Aussie scientists discover key feature of life outside solar system
Australia's Parkes Observatory telescope has discovered a molecule which displays key attributes associated with life, in a breakthrough set to help scientists solve the mystery of biology in space.
Canberra: Australia's Parkes Observatory telescope has discovered a molecule which displays key attributes associated with life, in a breakthrough set to help scientists solve the mystery of biology in space.
Chirality, or "handedness" is a key attribute related closely with life, but homochirality, or being exclusively either "left or right handed", has never been discovered outside of Earth, until the Commonwealth Scientific and Industrial Research Organisation's (CSIRO's) Parkes telescope found the 'handed' molecule propylene oxide.
Dr John Reynolds, Director of Operations at CSIRO Astronomy and Space Science, said the discovery will give scientists the chance to further research how the Universe can contribute to sustaining life, Xinhua reported.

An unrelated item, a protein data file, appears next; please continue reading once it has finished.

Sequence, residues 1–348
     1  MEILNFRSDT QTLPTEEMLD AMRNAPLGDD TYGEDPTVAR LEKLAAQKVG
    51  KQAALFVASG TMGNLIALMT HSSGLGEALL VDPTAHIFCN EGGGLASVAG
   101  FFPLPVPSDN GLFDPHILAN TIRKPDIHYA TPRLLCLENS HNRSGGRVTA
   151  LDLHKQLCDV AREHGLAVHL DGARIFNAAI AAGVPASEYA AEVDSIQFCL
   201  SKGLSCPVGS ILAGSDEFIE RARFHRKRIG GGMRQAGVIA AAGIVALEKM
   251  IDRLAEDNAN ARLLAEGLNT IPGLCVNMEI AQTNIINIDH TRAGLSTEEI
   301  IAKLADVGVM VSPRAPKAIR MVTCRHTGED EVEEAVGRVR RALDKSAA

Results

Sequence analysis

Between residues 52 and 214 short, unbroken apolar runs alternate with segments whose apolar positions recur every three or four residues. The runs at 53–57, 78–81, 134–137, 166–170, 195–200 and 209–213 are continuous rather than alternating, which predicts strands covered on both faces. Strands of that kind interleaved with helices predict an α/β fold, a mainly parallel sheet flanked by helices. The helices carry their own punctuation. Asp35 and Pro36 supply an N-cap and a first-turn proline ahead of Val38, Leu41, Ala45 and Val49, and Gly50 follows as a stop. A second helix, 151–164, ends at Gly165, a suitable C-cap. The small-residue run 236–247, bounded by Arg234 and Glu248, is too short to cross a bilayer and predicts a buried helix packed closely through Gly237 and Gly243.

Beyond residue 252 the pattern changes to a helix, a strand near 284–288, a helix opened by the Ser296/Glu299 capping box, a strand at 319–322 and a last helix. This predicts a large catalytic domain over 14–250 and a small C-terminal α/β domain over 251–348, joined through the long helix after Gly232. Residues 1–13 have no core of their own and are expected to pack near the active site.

"This discovery gives us a window into how an incredibly important type of molecule is made in space, and gives us the chance to understand the impact that process may have on life in the universe," Reynolds said in a statement on Wednesday.
Typically, many molecules exist in forms that are mirror images of each other, but molecules associated with life, such as proteins, enzymes, amino acids and sugars are found to be made up of a single handedness.
Propylene oxide is a common homochiral compound used in making polyurethane plastics, and was discovered by the radio telescope in an interstellar cloud near the center of the Milky Way.
The cloud, known as Sagittarius B2, is actively forming stars, and Reynolds said scientists would follow the developments in the region to see if the Universe divulges any further secrets about the potential of life in outer space.
"Understanding how this came about is a major puzzle in biology, " he said.